Some months ago, through Trip Advisor I met an Argentinean girl called Lorena that just had moved to Colombia and she started visiting my Colombia Travel Blog regularly. Amongst many other questions she asked me there was one that caught my attention, she wanted to know how to get to a place she’d heard mentioned called “Tierra Caliente”. Everyone seemed to recommend it as a very relaxing destination but no one seemed to be able to tell her how get there. At first I thought it was funny, but then I realized that for us Colombians this is pretty obvious, but for a foreigner “Tierra Caliente” means nothing.
I replied back basically saying that there is no such place as “Tierra Caliente”, it’s just that, due to Colombia’s position within the Equator and in the Andes, every town or city below 1000 meter is warm(ish) and therefore called “Tierra Caliente” by all of us living above that altitude.
Bogota is at 2600m, so we have a colder average than many regions in the country, which means that, forexample, we don’t have outdoor swimming pools. This means that on long weekends us Bogotanos tend to head outside of the city in search of some hot weather and some relaxing time with our families.
This entire introduction is to give some context to a day trip we did outside of Bogota last weekend to Tierra Caliente; more specifically to the legendary Tequendama Falls – a 515-feet high waterfall on the Bogotá River, located about 18 miles southwest of Bogotá in the municipality of San Antonio del Tequendama. My fiancé (now husband – Paul), who’s not from around here, had read about el Salto del Tequendama when he was a little kid in a comic book called “ Joyas de la Mitologia” and he didn’t even remember that the story was set in Colombia, but had always remembered the legend of Tequendama, which involves the pre-Columbian Muiscas and a white bearded deity (Bochica) who created the Fall with his golden scepter.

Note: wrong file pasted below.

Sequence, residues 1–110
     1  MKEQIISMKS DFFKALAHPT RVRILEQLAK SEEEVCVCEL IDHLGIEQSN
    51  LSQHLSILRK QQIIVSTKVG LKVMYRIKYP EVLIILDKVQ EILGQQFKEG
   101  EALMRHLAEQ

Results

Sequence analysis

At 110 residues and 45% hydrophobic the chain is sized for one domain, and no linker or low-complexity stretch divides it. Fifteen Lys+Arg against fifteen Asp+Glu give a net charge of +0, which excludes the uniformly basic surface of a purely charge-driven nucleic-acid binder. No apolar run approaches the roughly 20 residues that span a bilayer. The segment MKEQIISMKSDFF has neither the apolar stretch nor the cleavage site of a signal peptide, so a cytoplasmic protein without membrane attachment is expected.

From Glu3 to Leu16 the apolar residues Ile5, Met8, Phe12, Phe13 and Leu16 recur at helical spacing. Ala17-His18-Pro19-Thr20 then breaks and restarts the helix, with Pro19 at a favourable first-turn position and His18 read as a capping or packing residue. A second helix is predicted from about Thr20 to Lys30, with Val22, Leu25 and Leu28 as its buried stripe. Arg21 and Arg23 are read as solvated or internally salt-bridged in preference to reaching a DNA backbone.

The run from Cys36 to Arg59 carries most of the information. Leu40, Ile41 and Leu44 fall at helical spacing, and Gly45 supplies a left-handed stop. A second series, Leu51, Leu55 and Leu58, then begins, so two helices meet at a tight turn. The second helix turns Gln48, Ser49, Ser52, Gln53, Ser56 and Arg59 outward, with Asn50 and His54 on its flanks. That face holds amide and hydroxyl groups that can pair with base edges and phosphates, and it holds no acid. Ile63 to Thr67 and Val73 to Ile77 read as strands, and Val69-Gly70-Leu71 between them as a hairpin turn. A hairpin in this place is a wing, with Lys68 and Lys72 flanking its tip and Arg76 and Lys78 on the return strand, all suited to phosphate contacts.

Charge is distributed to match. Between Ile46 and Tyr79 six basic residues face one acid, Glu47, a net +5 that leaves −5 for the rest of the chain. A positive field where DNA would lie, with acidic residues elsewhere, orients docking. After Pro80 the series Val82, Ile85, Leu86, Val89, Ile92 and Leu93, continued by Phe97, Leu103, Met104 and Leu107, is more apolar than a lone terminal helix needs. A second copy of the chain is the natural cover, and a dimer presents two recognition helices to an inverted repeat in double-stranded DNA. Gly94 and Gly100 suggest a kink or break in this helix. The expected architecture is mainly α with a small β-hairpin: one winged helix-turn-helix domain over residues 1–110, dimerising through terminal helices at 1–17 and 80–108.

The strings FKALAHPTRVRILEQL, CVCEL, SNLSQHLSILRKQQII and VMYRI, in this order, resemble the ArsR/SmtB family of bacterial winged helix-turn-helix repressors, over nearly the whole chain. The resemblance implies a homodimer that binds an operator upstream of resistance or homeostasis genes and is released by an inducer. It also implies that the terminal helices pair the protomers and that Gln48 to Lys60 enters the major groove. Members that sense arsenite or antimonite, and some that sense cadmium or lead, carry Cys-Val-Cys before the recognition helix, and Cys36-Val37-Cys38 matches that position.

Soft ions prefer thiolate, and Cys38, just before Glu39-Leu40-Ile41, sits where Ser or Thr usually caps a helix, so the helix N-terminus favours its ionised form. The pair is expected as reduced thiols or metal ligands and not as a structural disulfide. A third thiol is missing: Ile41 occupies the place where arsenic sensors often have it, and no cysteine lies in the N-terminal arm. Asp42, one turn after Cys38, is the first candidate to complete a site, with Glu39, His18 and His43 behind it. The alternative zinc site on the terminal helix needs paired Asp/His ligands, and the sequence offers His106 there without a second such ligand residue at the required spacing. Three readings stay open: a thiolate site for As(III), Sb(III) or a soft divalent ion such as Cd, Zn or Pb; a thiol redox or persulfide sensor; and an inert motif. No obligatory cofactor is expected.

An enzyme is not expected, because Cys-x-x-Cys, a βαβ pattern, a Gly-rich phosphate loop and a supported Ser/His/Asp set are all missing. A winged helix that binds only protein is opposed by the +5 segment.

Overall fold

So when I told him that el Salto del Tequendama was less than hour away from Bogota, he jumped in the car and we headed in search of his childhood memories….. the trip was a mixture of awe due to the outstanding scenery and a mixture of sorrow and disappointment due to the horrible pollution of the Bogota River. We at See Colombia Travel are working with Rio Urbano to try and improve the conditions of the river, and to raise awareness of the situation.
If you’re looking for day-trips outside of Bogota then it’ll be Tierra Caliente that you’re heading to… But don’t forget to find out exactly where you’re going!